One industry analyst firm, Infonetics Research, led by Michael Howard, preferred to use the term “intelligent optical network hardware.” Under their classification Infonetics reported, “Worldwide revenues for intelligent optical network hardware hit $11.4 billion in 2001, a 67 percent growth over 2000, and are projected to double to $23 billion in 2005.” 
Regardless of the category’s designation , the Cerent 454 (renamed the Cisco ONS 15454) did very well in the early 2000s, continuing to rack up major wins in the metropolitan market, such as the selection by BellSouth .
However, it’s baby brother, the ONS 15327, a scaled down ‘454,’ underperformed and came across as too telco-centric for the customer premise (or Enterprise) market and too high-priced to crack the optical transport market in a big way.
Five manufacturers accounted for 72 percent (or $9 billion) of the 2001 global revenue market for intelligent optical hardware. These numbers excluded submarine hardware. As reflected in the pie chart below, Ciena led at 18 percent, Cisco followed with 13 percent, based on pretty much just one product – the ‘454,’ and Lucent brought up the rear with an 11 percent share.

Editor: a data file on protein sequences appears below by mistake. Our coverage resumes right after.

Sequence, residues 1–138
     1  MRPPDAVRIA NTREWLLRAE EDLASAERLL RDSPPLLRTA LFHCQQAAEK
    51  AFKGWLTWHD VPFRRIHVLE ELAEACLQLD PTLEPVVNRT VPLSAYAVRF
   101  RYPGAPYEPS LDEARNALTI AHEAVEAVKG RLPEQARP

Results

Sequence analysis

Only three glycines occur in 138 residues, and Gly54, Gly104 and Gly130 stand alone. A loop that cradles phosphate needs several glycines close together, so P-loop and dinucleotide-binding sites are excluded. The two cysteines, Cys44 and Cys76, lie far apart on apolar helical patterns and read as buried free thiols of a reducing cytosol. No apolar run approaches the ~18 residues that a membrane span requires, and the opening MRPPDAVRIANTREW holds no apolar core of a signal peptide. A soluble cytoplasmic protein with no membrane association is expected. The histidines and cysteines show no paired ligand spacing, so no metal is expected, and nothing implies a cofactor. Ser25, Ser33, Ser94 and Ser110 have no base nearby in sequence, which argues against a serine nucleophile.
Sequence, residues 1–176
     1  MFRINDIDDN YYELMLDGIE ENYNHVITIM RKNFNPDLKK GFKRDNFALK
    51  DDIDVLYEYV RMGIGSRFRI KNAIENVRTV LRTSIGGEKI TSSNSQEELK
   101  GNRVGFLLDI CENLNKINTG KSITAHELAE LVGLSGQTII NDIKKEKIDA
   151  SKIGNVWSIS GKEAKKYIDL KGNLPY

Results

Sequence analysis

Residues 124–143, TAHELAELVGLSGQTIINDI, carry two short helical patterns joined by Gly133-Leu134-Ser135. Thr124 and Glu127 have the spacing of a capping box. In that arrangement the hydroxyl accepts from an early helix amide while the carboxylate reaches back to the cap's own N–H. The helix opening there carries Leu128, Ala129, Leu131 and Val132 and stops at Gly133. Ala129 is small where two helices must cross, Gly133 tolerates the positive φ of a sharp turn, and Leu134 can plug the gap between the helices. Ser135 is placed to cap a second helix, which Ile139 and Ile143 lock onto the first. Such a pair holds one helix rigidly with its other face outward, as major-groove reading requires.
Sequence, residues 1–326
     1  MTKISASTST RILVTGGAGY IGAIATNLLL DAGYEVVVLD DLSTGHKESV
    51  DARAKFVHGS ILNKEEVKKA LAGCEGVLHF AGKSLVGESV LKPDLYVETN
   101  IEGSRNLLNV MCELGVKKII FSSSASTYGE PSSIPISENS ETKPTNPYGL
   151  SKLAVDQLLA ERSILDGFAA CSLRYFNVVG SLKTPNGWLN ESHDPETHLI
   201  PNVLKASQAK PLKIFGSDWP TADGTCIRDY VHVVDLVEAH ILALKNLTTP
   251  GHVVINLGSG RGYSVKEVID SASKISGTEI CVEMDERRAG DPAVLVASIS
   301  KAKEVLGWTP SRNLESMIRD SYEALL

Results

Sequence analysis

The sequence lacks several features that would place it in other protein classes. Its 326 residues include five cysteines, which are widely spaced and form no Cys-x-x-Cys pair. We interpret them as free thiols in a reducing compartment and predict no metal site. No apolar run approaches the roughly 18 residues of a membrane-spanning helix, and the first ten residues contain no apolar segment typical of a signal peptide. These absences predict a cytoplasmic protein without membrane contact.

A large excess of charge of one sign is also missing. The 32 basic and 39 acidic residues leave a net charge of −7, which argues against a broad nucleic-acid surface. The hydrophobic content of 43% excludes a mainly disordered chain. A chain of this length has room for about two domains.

It just goes to show how a product can change the market it dominates without always being listed as #1 in every possible way the chosen data can be sliced.
 Fiber Optics News, Intelligent Optical Network Hardware Market Hits $11.4B in 2001, March 11, 2002, p.8.
 Infonetics’ definition, some three years after the fact, was simply another way of describing MSPP in the metro, the category previously defined by Cerent. However, Infonetics’ definition covered ALL market segments.
 Even though BellSouth listed Lucent first in this joint Press Release (PR), retaining Lucent as their “other” SONET vendor, Cisco was the big winner in this award for next generation optical transport equipment. About Lucent, the PR said, “BellSouth will utilize the Lucent Metropolis DMX Access Multiplexer that is currently being deployed for use in interoffice networks and end customer high bandwidth ring applications . . .”